How to Network When You're Introverted
We all know networking is a career necessity, but for an introverted gal making the rounds at numerous cocktail parties or dazzling at an endless stream of social lunches can seem daunting! If, like me, you break out in hives at the thought of roaming a conference to meet people, you might lean more toward the introverted end of the personality spectrum.
The word introvert has been wonderfully clarified over the past couple of years, thanks in part to the work of experts like Susan Cain, who explains that introversion is not about being shy, but is about where you draw your energy and how you deal with stimulating environments.
For example, introverts usually prefer listening to speaking, possibly find self-promotion a little uncomfortable, and generally draw energy from being alone as opposed to hanging in a crowd. While this might sound like the opposite of what it takes to be great at networking, you don’t need to be an extroverted social butterfly to be successful in these situations! Here are a few key tips to network succesfully as an introvert:
Focus on Seeking Relationships
Networking can seem like it requires working a room and selling yourself, but the best networkers know it’s really about developing valuable relationships. Setting yourself up with this small shift in mindset can be a relief to introverts, because it allows us to instead focus on creating short, yet meaningful, conversations with new people.
Keep It Short and Sweet
Who says you have to stay for the entire length of an event? Make a deal with yourself that once you’ve talked to three experts, made one full circle around the room, or collected 10 business cards you can head home to your book and a glass of wine! For us introverts, knowing that some restorative alone time is on the other side of the stress of a super stimulating event can be just the encouragement needed to make it through.
Make a Game Plan
Once you have identified an event, choose a handful of people with whom you would like to connect. Narrowing the contact pool can help introverts feel a little less overwhelmed, and gives us an objective to work toward. Browse social media and check for any recent op-eds or articles that may be conversation starters. In some cases, it might even be appropriate to reach out to them beforehand with a quick email or through social media to highlight their recent work and mention that you’d love to meet them at the event.
Leverage Your Listening Skills
Once you’ve landed yourself in a conversation, put those great introvert listening skills to work! Ask questions that allow the other person to do most of the talking —think open-ended starters where people can share their stories: “How did you get into your current role?” instead of, “Are you liking the conference?” The latter makes great small talk, but doesn’t do much to foster the beginnings of a relationship.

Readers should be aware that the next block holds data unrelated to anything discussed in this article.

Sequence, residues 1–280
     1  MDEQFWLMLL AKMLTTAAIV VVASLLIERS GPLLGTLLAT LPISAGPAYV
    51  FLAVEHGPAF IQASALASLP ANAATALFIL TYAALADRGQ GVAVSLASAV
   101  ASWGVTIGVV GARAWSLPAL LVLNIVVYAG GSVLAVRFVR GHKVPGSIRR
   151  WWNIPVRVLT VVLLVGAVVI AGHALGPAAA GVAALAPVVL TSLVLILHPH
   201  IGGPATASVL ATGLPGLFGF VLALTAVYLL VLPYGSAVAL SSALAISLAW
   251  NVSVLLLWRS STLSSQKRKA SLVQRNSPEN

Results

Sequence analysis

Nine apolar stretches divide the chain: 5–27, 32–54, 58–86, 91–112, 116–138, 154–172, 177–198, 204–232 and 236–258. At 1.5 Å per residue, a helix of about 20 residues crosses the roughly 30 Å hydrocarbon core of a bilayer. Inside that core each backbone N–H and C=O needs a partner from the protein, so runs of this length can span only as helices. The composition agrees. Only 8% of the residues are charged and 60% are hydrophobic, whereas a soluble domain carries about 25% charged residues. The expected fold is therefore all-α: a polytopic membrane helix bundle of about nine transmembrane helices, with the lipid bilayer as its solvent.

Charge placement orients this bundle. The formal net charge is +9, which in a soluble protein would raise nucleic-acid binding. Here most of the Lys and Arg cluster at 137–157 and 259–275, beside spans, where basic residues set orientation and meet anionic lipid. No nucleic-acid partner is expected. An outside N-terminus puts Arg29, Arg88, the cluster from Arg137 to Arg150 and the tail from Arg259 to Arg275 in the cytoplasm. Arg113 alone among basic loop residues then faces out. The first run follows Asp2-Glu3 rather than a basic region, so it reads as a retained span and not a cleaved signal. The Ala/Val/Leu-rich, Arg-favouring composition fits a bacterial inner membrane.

Seek Opportunities Outside of the “Party”
Instead of working a room, introverts might be more comfortable on the planning side of an event. If you’ve found something that interests you, reach out to organizers and ask if they need help checking people in or handing out name tags. In these roles, you have an opportunity to meet plenty of incoming attendees and can quickly ask for a business card to facilitate a future meeting.
Master the Conversation Break-In…
A sophisticated entrance takes confidence, but once you master it, you’ll never again be awkwardly loitering around groups in mid-conversation! Jodi Glickman of Great on the Job offers a few helpful strategies for entering a conversation gracefully. One of her tactics suggests a polite interruption and a brief introduction, followed by encouraging the person speaking to continue and noting you’ll participate as a listener.
It looks something like: “Hi! I’m Elle with The Everygirl. I didn’t want to interrupt, but was looking forward to hearing about your work! Please continue, and I’ll just listen in.” After a few minutes of actively listening (sensing a theme here, introvert?), you’re much better positioned to offer your own questions and comments in the conversation.
Conversations can trail off awkwardly so depart when there is still a bit of momentum and close with a specific ask, such as trading business cards. If this has already happened in your introduction, use this as an opportunity to request a low-key follow up such as, “I would love to continue our conversation on new marketing strategies, could I get in touch next week?”
Capture the Details
As an introvert, you’re observant, focused, and might be able to more easily tune into others feelings—which means you undoubtedly picked up on many little personal details about the experts you met. Take a minute post-event to put those little data points on record. Say your target expert mentioned she’s into great Chinese food and is planning a trip to Jamaica—jot that on the back of her business card so when you next meet you know just the right lunch spot to suggest and have some conversation starters.
Cut Out Conferences
Lastly, remember networking does not have to equal attending a big event. If you’re best one-on-one, it means you just might find the most success in smaller moments of connection like standing in line for your daily coffee or walks at the dog park. Keep business cards handy or digitized—you never know when you might make a meaningful connection!